It takes time

I got the next set of edits back from my editor. Most of the work was simple mistakes I made so it was easy just to make the changes she suggested. However, there were two sections that needed significant rewrites. One is part of an emotional scene. I have spent the last three weeks correcting and recreating this scene. Today I’m celebrating because I finally got it. It sounds right now.

Now on to the next scene. Hopefully it won’t be as difficult to fix.

F is for Focus

Deadlines, Energy and Focus are all connected for me. When I come up against a deadline it increases my energy and focus to finish and made that deadline. Focus has been difficult for me lately because of life is getting in the way of what I have been trying to get done.

The pressure of a deadline gives me energy and that increases my focus. The deadline for the edits on my manuscript is coming up fast. And I am excited to see my focus is improving so I can get more editing completed. It is important do to what is necessary to find the focus necessary to do a good job on anything.

E is for Energy

I’m often asked when I am writing and editing whether or not deadlines help me. And the answer for me is yes, they do. In my blog on Saturday, I talked about Dawdling and Deadlines. I have a tendency to dawdle when I don’t have a deadline.

Deadlines give me energy and help my focus. That energy gives me the drive to get my work done, regardless what part of my life I am talking about. My problem is there is a thin line between counting on the energy and deadline to get a job done and the time things actually take to get done.

D is for Dawdle and Deadline

I know people who have deadlines they have completed that are days and weeks away. Some days I wish I was one of them, but I’m not. I don’t feel like I dawdle because I am constantly working on things. But it seems like I am always having to push at the last minute to get the project completed.

Right now, I am working on the edits for my manuscript and despite working on it every day, I still feel like I am running behind. I am determined to get this edit done on time. Therefore, no more dawdling by writing blogs. Time to work on edits so I will meet my deadline.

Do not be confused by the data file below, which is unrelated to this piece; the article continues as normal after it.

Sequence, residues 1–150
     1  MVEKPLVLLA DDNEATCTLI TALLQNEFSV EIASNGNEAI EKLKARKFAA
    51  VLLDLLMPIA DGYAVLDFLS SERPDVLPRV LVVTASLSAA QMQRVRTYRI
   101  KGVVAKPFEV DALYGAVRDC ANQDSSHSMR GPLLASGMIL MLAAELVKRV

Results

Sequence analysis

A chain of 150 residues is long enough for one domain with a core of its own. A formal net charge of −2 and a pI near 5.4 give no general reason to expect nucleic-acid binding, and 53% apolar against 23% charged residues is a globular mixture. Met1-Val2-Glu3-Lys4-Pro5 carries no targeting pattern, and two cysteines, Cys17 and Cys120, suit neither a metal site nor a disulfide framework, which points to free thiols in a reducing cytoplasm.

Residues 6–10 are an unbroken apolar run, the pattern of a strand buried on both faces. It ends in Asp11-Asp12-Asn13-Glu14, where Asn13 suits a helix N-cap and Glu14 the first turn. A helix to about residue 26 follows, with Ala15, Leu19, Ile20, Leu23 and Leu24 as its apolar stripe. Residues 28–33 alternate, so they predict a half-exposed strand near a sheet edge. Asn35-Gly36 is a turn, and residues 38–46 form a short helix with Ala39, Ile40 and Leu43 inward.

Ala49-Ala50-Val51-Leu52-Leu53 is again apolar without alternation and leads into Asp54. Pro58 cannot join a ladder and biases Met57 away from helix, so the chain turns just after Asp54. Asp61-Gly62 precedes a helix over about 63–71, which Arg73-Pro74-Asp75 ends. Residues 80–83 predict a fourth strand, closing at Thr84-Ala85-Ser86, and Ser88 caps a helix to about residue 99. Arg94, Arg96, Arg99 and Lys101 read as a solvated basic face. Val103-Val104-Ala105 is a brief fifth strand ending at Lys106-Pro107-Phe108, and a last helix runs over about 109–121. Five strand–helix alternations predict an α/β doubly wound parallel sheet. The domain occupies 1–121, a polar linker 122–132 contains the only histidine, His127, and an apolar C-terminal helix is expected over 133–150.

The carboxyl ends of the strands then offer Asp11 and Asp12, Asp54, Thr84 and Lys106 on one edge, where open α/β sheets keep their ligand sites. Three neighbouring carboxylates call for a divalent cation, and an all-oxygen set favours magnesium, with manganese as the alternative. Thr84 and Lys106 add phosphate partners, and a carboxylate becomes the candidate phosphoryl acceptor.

C is for Change

When I tell people about the book I am writing, they frequently ask how long I have been working on it. I hate to say it, but the answer is around fifteen years. That seems like a very long time.

Now, that seems like a really long time, but the truth is that is not the only thing I was doing during that time. Ignoring all the time I spent on life—family, day-job, health, housekeeping, etc.—I also wrote six other novels which are in various stages of editing so I can submit them. But what I want to talk about here is the work on this specific book.

B is for Bubbles

Editing my manuscript can get discouraging. My wonderful editor found a lot of things I need to review and consider. Note, I don’t have to change everything, but I do have to consider quite a lot. Just glancing at the manuscript is enough to make me run and hide.

However, I have found a way to keep working. My editor color-coded all the things I need to consider making some pages quite colorful.

Now I am a person who loves to watch bubbles floating through the air. When I look at a page with a lot of color, I am mentally turning them into bubbles and watch them float over the page.

A is for annoyance

I decided on this year’s A to Z Challenge, I would write about my writing journey getting my manuscript ready to be published. I have passed the hurdles of writing and having my book accepted for publication by the Prism Book Group. I am now in the process of editing the book.

One would think I am annoyed by all the things the editor told me to change. But I am not. I am annoyed because I keep running into things I did wrong. And I know I did them wrong. It is a perfect example of the fact it is almost impossible for an author to edit her own work.

Editing for an Editor

I’m still thinking about what I learned from Erin Healey at the Peak Writing Conference. My editor’s mind is still struggling she said with which I had a mixed reaction. She said authors should not be too concerned with copy editing (punctuation, grammar, etc.) and to be more focused on things like characterization, plot, sequence – basically structure issues. She very briefly mentioned making sure the copy issues were addressed but didn’t elaborate.

I agree structure issues are the most important. Copy problems are easy fixes for the editor.

Dash or Ellipsis

Since Monday is my day to blog as an editor, I decided to talk about something I’ve seen a lot of lately and which is frustrating me. When is it proper to use a dash or an ellipsis? What is the difference?

To make the answer more frustrating for me, I was recently at a presentation by a well-known, multi-published author who gave a partially wrong answer to this question. So here is what I know. Feel free to argue with me if you disagree.

A dash indicates a sudden or harsh interruption, especially in dialogue. An ellipsis indicates words left out of a quotation or a soft pause.

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